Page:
A large school district commented that the Process Approach only saved minimum time, and recommended the Department allow 18-24 months for phased-in implementation to give program operators sufficient time to design/implement the program and train the food service staff. The commenter also expressed concern about the potential cost of equipment for the food safety program and stated that it spent $50,000 in specialized thermometers for all its SFA sites. Another commenter recommended that SFAs be allowed flexibility to develop cost-effective and unique systems that reflect the HACCP principles.
Public Law 108-265 established July 1, 2005 as the effective date for the food safety program requirement. The Department identified school year 2005-2006 as the implementation period for the food safety program, as required by statute, and provided SFAs practical guidance and training in collaboration with NFSMI. Several years have passed since the implementation date established by law; therefore, phased-in implementation is not an option. By now, SFAs should be working on reviewing and improving their established HACCP-based food safety program.Start Printed Page 66214
Implementation of this legislative requirement is not expected to result in major equipment expenses for program operators. SFAs operating the NSLP and SBP should already have thermometers and other basic equipment necessary to prepare, serve, and store meals safely in compliance with State and local public health standards, as previously required by the NSLP and SBP regulations.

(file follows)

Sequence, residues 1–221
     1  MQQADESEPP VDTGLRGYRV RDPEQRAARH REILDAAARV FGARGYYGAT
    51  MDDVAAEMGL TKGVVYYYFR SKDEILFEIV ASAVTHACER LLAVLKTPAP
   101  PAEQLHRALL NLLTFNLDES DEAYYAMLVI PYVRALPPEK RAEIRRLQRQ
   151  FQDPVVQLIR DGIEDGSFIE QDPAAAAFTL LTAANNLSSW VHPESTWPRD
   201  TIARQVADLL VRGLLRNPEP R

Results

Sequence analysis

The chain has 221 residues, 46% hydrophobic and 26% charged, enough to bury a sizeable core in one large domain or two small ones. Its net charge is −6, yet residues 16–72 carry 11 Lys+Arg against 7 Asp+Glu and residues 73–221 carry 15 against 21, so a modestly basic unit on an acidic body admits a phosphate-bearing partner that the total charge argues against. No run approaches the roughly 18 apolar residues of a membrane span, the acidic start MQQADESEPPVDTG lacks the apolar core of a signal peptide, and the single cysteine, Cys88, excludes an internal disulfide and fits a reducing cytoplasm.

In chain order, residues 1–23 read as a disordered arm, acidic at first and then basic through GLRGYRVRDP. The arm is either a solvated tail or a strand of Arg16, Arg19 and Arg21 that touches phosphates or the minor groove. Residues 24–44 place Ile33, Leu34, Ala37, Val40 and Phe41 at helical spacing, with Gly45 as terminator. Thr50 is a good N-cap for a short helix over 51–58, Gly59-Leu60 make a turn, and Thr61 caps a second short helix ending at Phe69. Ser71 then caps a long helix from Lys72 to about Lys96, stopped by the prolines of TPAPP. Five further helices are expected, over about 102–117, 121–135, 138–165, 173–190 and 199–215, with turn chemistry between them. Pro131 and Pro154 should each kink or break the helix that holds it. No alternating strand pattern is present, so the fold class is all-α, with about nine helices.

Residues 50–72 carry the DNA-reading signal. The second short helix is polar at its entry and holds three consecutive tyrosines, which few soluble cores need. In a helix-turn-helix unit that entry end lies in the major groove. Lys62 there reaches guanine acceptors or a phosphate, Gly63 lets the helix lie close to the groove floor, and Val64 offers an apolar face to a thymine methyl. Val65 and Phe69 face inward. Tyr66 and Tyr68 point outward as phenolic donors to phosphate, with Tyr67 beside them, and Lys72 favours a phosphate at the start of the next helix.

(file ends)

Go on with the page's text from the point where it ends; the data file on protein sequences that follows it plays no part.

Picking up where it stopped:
With regard to ease of implementation and flexibility, the Department wishes to emphasize that the practical guidance and training provided to SFAs presented a simplified version of the Process Approach adapted for school food service operations. The Process Approach is less complex than traditional HACCP and is inherently flexible because it gives each SFA the ability to tailor the food safety program to each site. Furthermore, SFAs have discretion to follow either the Process Approach or traditional HACCP.
Monitoring and Recording Food Temperature Daily
A large school food authority commented that developing and monitoring the HACCP-based food safety program is time consuming. One commenter asked that schools be allowed to maintain electronic records, and another recommended the Department issue schedules for food safety inspections and temperature monitoring.